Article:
MG1887.pngIrina Mishura as Herodias and Lise Lindstrom as Salome

Lise Lindstrom’s soprano with its tender vibrato in middle voice, blossoms to silvery at the top with an edge that at once youthful and strong enough to ride the orchestral waves. Fiddling with her long hair and biting her nails, she gave a convincing portrayal of a spoiled young princess, was admirably feline in her pursuit of Jochanaan, and graceful in the not very voluptuous dance created by Curran. Bass-baritone Greer Grimsely was a resounding Jochanaan, clearly tempted by the young girl, and convincing as he tried vainly to move her to compassion. Mezzo soprano Irina Mishura’s Herodias, though well sung, was not a commanding presence. Someone should have told her not to wave her wrists around like a hapless housewife. Neither she, nor Allan Glassman, who sang gloriously as Herod, seemed like people capable of running an empire. I can only assume it was the direction that turned them into a pair of restless, ditzy characters. Tenor Sean Panikkar was compelling as the enraptured Narraboth.

Despite the excellent voices, sadly I was not as out breath as I would like to have been when the curtain descended. Part, I think can be attributed to the staging of the last moment of the opera in which Salome is on her feet, as though considering her deed, rather than being fully immersed in the horrid act that Herod is seeing and that the orchestra is describing. Steuart Bedford’s conducting too, often lost focus on the emotions that this hideous tale should evoke. The simplest example perhaps relates to the moments during which Salome is waiting for Jochanaan’s head — waiting to hear his scream, waiting for his body to fall. The only music Strauss gives us at first are B flats ticking unevenly in the bass.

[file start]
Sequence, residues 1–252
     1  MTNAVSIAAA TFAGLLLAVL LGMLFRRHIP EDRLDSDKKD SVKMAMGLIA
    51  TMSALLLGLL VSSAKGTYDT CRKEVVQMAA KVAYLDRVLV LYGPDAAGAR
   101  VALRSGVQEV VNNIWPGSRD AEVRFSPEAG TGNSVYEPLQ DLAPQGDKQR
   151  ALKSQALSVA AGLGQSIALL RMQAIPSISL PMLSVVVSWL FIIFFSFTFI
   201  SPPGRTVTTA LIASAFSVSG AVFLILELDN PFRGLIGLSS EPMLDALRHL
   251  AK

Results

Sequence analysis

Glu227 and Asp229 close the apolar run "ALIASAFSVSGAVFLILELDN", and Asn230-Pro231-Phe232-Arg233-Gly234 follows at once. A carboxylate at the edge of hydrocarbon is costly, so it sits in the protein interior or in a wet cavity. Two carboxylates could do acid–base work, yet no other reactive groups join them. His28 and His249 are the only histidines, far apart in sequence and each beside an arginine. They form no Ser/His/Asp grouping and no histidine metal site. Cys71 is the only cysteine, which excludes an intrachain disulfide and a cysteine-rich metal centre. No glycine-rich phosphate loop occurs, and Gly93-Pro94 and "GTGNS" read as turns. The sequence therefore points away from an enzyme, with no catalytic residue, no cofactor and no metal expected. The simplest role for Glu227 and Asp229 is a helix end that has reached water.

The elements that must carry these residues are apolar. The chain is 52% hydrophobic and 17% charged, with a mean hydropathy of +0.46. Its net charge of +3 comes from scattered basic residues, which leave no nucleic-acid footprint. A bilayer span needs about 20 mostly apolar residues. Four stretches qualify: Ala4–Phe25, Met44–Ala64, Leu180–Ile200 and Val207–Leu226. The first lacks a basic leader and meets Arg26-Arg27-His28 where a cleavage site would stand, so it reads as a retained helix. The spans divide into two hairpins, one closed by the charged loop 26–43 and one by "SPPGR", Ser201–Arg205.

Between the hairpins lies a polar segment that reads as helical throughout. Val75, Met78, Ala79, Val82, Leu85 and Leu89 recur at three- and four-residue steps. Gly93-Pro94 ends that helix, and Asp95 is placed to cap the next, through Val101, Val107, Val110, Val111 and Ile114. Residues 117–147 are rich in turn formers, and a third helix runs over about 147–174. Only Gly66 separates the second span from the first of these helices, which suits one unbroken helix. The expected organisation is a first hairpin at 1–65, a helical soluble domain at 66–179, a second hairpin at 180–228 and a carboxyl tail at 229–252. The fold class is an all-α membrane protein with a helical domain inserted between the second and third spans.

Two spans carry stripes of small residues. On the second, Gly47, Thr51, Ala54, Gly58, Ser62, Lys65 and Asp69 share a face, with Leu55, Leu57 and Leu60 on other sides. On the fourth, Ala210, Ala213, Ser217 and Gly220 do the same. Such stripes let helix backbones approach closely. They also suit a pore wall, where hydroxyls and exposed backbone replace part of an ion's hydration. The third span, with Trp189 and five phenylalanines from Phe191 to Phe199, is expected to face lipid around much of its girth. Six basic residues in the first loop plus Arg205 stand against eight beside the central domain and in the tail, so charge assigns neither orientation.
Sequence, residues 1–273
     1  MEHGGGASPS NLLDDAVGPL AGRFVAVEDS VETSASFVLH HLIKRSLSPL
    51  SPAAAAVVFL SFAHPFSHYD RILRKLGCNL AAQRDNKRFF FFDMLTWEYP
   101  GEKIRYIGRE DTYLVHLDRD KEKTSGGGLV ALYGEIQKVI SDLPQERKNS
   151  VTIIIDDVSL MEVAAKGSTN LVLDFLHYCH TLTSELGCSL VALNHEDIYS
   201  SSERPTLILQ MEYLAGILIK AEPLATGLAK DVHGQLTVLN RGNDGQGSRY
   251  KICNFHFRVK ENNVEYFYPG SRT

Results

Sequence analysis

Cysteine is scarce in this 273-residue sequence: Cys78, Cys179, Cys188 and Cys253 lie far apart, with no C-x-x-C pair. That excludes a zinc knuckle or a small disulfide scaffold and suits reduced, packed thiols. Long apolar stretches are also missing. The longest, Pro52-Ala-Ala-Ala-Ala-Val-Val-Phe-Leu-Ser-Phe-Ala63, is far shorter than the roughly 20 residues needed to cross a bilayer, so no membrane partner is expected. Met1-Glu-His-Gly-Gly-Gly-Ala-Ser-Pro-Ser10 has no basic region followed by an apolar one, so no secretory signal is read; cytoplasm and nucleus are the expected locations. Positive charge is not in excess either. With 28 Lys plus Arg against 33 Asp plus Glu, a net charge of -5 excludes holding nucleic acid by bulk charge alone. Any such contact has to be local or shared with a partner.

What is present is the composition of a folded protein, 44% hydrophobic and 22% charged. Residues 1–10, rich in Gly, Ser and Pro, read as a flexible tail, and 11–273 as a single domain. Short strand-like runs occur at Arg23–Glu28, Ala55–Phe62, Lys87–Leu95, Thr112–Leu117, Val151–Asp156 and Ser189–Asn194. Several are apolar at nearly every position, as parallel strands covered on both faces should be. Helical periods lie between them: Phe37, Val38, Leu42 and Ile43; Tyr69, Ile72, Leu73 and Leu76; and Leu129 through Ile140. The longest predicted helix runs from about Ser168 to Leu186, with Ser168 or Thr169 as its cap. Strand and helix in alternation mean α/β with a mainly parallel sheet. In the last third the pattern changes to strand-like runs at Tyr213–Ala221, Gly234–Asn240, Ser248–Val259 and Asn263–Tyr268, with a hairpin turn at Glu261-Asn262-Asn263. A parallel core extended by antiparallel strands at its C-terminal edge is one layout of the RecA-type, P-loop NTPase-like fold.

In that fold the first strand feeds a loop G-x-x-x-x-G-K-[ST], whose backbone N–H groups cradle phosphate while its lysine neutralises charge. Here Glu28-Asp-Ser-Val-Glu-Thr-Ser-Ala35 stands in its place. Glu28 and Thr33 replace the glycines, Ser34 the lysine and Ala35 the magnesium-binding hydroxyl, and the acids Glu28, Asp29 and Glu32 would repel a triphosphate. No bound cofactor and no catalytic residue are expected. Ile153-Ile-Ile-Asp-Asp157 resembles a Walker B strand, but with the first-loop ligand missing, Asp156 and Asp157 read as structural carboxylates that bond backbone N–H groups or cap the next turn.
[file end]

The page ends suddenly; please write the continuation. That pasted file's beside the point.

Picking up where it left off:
The notes and intermittent silences, followed by the subsequent undulating comments of the woodwinds should have been chilling enough to make my skin crawl. They weren’t. Even at its screeching heights the orchestra often lacked tension and energy.

MG2035.pngLise Lindstrom as Salome

I am never happy to see a Salome without a moon. Wilde told Bernhardt that the moon had a leading part in the play. Directors who ignore the moon, ignore the poetry and imagery of the play. There are thirty-two mentions of “moon” in Wilde’s play, fifteen of “mond” in the libretto. A page described the moon the moment the curtain rises. “How strange the moon seems. She is like a woman rising from a tomb.” To which Narraboth responds, “a little princess who wears a yellow veil, and whose feet are of silver.” The moon’s appearances and disappearances move in relation to Salome’s actions. But there’s another reason I particularly missed the moon. The first musical note Strauss made on his copy of the Salome libretto was to set Salome’s key as C# minor, the key of the Moonlight Sonata. (Please don’t write to me, I know Beethoven didn’t give the sonata that name. But it had that name in Strauss’ time).

Finally, I’m also unhappy with Salomes in which only the five Jews are dressed in 21st century clothes with specifically identifiable Jewish religious accouterments. It’s both a stereotype and a cliché. A director who can do without a moon in Salome, can surely do without business suit and prayer shawls.

Estelle Gilson